Playing the large-stakes Offshore Game

7 min read
21 Nov 2017
7 min read
2039 words
From the Archive (Dec, 2016): Today many IT companies, such as Yomari, Deerwalk and Leapfrog, have found a dedicated client base in the West. These Nepali tech giants are regarded as the trailblazers by up-and-coming companies who aspire to someday do similar offshore work as them

Since around the turn of the century, Nepali software developers and IT professionals have been mostly taking on small-scale offshore coding projects for companies in the US, UK and Australia. In the early days, many of these Nepali IT companies either didn’t have the requisite portfolio or hadn’t garnered the trust of big clients needed to land  their bigger projects. Many Nepali coders also mostly worked as individual contract coders who bid on sites such as eLance, and later, oDesk and Toptal to get low-paying coding work.

But over time, a handful of IT companies based in Nepal (with offices both here and in client countries such as the US) started taking on larger projects from larger companies—on the strength of their prior work experience and strong portfolio. Today many of these companies, such as Yomari, Deerwalk and Leapfrog, have found a dedicated client base in the West. All three companies are led by IT professionals who had already spent many years working in the American tech sector and who knew the intricacies of the software market abroad. Today, these Nepali tech giants are regarded as the trailblazers by up-and-coming companies who aspire to someday do similar offshore work as them. But there are slight differences in the models the big three work with.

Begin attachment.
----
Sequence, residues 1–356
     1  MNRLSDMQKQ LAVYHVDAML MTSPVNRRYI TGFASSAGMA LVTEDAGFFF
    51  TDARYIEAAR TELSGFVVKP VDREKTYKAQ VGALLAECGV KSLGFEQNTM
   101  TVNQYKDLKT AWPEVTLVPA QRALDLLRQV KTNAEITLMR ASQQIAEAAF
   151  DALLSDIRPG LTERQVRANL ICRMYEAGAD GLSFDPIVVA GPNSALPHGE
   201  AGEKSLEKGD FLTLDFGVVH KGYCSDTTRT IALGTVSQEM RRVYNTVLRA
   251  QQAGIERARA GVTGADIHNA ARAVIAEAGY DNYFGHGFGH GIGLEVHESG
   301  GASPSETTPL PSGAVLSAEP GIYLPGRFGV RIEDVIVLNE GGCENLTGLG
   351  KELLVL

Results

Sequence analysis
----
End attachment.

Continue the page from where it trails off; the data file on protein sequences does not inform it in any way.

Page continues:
The Yomari model  

When Deepesh Pradhan set up Yomari in 1997, he had no idea that the company would evolve to the extent that it has today. Pradhan started the company with himself as its sole employee, but today, Yomari employs more than 150 personnel who develop projects for big international companies like Best Buy, Gap and PetCo. Initially, it was difficult for Pradhan to find work with such organisations, and it was only after his brother—Rupesh Pradhan—joined Yomari full time in 2004 that the company started landing big contracts. Rupesh Pradhan, a graduate of Grinnell College, Iowa, had worked at Retek, a Minneapolis-based software company that was later acquired by Oracle. Rupesh brought a lot of his American-client links to Yomari that the company could make use of. As of today, Yomari has worked with more than 30 international clients.

Yomari started out with projects related to website development, but over the years, the company started working on advanced business intelligence (BI) systems, end-to-end system integration and turnkey project execution—for both Nepali and international clients. Yomari’s BI systems include software for automated product-line management, HR management and inventory management—most of which are used by larger businesses. These systems automate basic management tasks like keeping track of employee attendance, managing store inventory and helping with a store’s accounting and balance sheets.

Yomari, Deerwalk and Leapfrog are regarded as the trailblazers by up-and-coming companies who aspire to someday do offshore work as them

To liaison between the Nepal-based office and their international clients, Yomari used to once have an office in the US as well. The US office housed sales representatives and consulting staff, while the Nepal office housed developers, project managers and communication experts. The US team would look for work in the US market, and once a job was secured, the Nepali team would be handed the project. After the Nepali team developed the software as per the clients’ needs, the project would be sent back to the US team.